Abdul-Jabbar, Kareem: (1947- ) U.S. basketball player; former name Lewis Ferdinand Alcindor. He played professionally for the Milwaukee Bucks from 1969-75 and the Los Angeles Lakers from 1975-89 and holds several records.
He was a thing of beauty.
I know men are not supposed to say that about other men. In today’s society we disguise our homophobia by silently being suspicious of any close contact or admiration expressed between folks of the same gender.
But Kareem (who was also an Abdul) was a fabulous basketball player. He did something called the “sky-hook,” which was really just a huge toss of the basketball high in the air over his head, which for the normal person would have had about a 3.3% chance of sinking the hole, but for him was in the high 60’s.
But he sealed his immortality in my soul when he appeared in the movie Airplane as the humongously over-sized pilot who was hiding out from his real occupation, pretending he was NOT a famous athlete. I remember watching the movie, thinking how brave it was for him to step off the court into this new arena of acting, realizing that he would be a huge target for criticism, but took the risk anyway.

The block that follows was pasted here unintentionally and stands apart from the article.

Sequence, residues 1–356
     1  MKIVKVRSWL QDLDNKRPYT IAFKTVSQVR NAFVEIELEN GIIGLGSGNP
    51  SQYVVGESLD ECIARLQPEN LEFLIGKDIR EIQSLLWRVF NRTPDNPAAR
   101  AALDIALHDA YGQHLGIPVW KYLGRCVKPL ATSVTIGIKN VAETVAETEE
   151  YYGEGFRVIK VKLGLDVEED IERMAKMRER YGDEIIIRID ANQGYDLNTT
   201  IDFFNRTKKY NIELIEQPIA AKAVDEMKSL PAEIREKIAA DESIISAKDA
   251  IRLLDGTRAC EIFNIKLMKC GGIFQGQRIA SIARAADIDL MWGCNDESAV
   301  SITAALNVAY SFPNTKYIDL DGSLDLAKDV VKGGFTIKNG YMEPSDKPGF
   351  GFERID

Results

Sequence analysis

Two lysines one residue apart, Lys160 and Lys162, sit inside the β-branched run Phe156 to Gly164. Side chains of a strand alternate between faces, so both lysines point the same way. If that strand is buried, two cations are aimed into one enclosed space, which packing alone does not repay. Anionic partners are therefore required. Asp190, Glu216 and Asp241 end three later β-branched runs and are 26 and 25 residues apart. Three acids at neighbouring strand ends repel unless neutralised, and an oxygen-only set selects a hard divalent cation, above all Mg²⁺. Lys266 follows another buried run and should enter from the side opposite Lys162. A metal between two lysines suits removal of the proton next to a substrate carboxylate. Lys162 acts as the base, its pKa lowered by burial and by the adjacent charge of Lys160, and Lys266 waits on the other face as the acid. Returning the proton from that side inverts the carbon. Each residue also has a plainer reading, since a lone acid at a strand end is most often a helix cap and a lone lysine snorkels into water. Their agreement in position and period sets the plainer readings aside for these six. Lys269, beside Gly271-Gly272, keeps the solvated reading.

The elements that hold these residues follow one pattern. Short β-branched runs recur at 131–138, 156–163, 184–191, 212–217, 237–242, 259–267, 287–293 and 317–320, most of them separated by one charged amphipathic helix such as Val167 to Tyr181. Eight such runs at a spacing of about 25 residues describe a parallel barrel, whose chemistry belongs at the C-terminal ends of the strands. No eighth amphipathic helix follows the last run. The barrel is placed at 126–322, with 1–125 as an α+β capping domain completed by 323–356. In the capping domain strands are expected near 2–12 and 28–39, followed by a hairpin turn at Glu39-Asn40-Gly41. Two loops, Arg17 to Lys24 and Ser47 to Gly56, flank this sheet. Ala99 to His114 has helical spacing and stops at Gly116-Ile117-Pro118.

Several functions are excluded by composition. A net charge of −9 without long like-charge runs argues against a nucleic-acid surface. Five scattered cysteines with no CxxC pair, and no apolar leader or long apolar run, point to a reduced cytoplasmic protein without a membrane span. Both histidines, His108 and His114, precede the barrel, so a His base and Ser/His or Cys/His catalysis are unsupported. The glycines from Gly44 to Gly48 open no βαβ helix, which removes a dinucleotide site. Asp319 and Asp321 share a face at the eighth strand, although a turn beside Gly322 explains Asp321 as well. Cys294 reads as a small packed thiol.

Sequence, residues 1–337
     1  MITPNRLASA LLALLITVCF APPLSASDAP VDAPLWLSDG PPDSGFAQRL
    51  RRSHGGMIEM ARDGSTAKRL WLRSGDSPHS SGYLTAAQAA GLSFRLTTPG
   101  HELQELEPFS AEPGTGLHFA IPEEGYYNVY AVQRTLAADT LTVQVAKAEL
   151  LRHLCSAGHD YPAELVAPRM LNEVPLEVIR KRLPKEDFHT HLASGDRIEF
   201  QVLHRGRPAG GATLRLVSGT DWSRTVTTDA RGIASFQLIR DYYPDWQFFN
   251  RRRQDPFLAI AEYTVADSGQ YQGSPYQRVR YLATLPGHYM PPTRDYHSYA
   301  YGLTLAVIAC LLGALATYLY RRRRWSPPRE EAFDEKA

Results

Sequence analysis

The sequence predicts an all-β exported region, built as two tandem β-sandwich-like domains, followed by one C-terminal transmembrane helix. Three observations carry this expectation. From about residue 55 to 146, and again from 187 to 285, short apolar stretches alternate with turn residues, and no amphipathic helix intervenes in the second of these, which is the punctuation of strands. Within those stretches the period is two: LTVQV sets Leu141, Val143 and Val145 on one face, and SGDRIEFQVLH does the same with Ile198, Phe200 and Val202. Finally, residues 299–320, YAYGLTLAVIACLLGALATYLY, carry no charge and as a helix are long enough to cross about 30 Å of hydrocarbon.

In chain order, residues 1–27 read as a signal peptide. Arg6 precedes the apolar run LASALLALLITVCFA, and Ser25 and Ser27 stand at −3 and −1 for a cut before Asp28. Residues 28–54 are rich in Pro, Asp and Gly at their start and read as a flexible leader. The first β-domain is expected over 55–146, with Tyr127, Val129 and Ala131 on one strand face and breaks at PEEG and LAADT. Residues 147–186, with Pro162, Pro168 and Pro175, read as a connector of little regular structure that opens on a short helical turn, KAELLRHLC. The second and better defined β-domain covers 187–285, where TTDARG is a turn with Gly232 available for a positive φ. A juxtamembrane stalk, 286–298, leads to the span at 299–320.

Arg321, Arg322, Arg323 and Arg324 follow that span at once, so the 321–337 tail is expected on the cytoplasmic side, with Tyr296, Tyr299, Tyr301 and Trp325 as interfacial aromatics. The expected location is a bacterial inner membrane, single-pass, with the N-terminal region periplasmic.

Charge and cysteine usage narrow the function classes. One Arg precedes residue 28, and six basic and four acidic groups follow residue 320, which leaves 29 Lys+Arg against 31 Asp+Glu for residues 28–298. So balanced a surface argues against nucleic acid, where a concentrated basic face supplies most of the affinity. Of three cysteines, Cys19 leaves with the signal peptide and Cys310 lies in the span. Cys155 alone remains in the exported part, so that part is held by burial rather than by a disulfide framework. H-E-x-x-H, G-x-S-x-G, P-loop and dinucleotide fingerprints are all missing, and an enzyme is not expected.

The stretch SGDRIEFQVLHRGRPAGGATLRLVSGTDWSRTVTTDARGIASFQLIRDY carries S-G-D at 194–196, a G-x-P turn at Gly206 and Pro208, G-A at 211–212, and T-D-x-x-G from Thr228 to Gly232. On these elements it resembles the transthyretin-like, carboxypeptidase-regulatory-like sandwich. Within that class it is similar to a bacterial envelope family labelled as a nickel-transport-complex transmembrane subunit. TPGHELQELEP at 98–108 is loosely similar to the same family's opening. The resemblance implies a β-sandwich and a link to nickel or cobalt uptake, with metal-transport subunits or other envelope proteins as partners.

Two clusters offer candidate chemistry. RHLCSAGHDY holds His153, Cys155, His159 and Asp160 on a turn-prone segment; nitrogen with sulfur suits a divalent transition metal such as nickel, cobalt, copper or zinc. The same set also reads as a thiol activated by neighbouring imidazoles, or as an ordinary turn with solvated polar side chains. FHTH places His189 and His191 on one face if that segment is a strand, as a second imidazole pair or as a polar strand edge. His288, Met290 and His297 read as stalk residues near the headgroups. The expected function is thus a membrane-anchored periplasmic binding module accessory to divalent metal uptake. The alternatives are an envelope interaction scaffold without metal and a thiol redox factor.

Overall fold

Yes, Abdul going into the movie industry was like the ultimate sky-hook. He just tossed it off, over his head, high into the air, confident that it would split the cords. He played with great players and still looked great. That’s pretty remarkable.
Most of us choose to hang around inferiors so that our work will appear to be stellar. Not Mr. K. A. J. He shared the glory with his teammates, but when their expertise failed to pull off the miracle of the win, he took his seven-foot-plus frame, and leaped in to save the day.
You know what else is interesting? He seems to be a really nice guy. I mean, it’s special when someone is humble because they decide to select humility–but upon careful gazing at their record, you are not surprised they have chosen that profile. But when somebody has set benchmarks in excellence, but still chooses simplicity and humility, it is a reminder that struggling to put oneself into the spotlight is an invitation to get bumped from the stage by someone on the A list.
I guess he’s a Muslim. If all Muslims were like Kareem, most of their public relations problems would be alleviated. So along about the same time that Cassius Clay became Mohammed Ali, Lou Alcindor became Kareem Abdul-Jabbar. Here’s the beauty: they didn’t turn into religious fanatics who blew up mosques.
They used their talents to become better people and create a more enjoyable world.